Approximately half of patients with CCLD will also have a torn medial meniscus. During stifle range of motion, a meniscal click may be heard, and these patients are typically painful on hyperflexion of the stifle joint.6-10
Chronic partial tears are more difficult to diagnose, as many patients with partial tears have negative or mild CD signs and CTT because of periarticular fibrosis. These patients often have a history of chronic, lower-grade lameness. Some degree of medial buttress may be palpable on examination, and hyperextension will elicit pain.5
Radiographs should be obtained in patients with suspected CCLD to aid in diagnosis, rule out other diseases, and plan for surgery. Sedation can aid in proper positioning. On radiographs, stifle joint effusion and osteophytosis of the patella, femur, and/or tibia can be seen.
Surgical treatment of CCLD results in faster healing time and the most favorable return to function.11,12 Many procedures have been developed to treat CCLD, including extracapsular lateral suture stabilization (ELSS) and osteotomy-based techniques such as tibial plateau leveling osteotomy (TPLO) and tibial tuberosity advancement (TTA). Board-certified surgeons currently perform TPLO and TTA more often than ELSS in both large- and small-breed dogs because osteotomy procedures are perceived to result in a more rapid return to full function.13 More recently, the literature has supported the superiority of TPLO over ELSS, with dogs returning to more normal function with TPLO as compared with ELSS.13-15 Currently, there is insufficient data comparing all available surgical techniques simultaneously to come to a strong scientific conclusion; hence, anecdotal clinical experience continues to play a major role in surgical technique selection.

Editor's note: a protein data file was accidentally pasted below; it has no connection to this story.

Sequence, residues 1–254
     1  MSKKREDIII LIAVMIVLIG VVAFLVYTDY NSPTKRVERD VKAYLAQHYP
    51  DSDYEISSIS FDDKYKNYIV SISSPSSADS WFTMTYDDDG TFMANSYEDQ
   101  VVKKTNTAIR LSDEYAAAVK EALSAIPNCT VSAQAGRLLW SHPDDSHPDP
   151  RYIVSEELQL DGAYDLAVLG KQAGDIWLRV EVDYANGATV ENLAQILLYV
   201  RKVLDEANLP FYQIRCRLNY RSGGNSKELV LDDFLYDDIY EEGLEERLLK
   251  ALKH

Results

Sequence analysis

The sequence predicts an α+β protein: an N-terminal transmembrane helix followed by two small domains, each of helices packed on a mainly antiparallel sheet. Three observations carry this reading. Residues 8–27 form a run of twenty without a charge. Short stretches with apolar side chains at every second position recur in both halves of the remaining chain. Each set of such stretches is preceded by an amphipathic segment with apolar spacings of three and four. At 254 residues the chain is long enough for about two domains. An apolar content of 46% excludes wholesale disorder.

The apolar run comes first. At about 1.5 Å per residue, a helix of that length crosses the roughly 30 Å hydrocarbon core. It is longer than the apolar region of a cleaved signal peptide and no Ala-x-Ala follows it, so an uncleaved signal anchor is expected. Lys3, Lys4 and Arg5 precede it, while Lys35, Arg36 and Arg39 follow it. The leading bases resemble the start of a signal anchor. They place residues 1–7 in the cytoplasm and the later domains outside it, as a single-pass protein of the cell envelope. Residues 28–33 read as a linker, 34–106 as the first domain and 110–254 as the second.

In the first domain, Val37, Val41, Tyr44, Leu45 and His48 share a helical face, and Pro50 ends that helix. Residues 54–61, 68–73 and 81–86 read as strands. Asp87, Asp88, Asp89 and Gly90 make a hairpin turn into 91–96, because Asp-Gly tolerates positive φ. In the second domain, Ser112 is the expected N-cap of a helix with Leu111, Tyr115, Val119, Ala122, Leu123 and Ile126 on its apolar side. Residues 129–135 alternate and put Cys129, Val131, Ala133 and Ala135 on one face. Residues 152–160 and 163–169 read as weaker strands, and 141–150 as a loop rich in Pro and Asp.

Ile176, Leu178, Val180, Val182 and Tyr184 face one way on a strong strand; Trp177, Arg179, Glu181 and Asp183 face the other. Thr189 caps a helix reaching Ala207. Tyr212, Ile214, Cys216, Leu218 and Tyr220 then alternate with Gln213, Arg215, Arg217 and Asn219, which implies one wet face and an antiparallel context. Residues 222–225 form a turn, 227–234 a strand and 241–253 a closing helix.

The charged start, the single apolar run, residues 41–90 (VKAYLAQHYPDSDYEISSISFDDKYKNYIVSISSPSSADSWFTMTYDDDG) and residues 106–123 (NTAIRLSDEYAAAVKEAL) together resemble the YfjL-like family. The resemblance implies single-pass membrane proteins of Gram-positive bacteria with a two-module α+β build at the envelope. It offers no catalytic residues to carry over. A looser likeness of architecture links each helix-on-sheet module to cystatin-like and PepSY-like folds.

Most patients that receive appropriate postoperative care return to normal function within 3 to 6 months. Strict exercise restriction for 6 to 8 weeks is required following all surgeries to ensure proper healing without implant system failure. An E-collar is recommended while the incision is healing because stifle surgeries have a higher than average postoperative infection rate and patients tend to lick and chew their incisions.
It is imperative that clients whose dogs have CCLD understand the following:
- Surgery is required to achieve the most optimal outcome.
- Postoperative care rules must be followed to minimize complications and help ensure a successful outcome.
- Full recovery takes months.
- Even with surgery, varying degrees of arthritis will still be present.
CCLD is commonly diagnosed in a variety of breeds and can be successfully treated surgically, but client understanding and compliance is paramount to success.
1 Create a client information handout explaining the details of CCLD to ensure clients with pets experiencing this common condition receive a consistent message.
2 Evaluate all patients with hind-limb lameness for CCLD, and perform a complete orthopedic examination, including cranial drawer and cranial tibial thrust tests.
3 Take time to impress on clients the importance of CCLD postoperative care to achieve an optimal outcome for the patient.